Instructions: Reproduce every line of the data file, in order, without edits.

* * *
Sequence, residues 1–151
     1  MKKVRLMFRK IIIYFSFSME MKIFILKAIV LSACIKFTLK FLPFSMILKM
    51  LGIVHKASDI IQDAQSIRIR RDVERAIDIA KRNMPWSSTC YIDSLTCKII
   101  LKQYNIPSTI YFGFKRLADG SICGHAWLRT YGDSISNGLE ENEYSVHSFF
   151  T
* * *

Sequence, residues 1–151
     1  MKKVRLMFRK IIIYFSFSME MKIFILKAIV LSACIKFTLK FLPFSMILKM
    51  LGIVHKASDI IQDAQSIRIR RDVERAIDIA KRNMPWSSTC YIDSLTCKII
   101  LKQYNIPSTI YFGFKRLADG SICGHAWLRT YGDSISNGLE ENEYSVHSFF
   151  T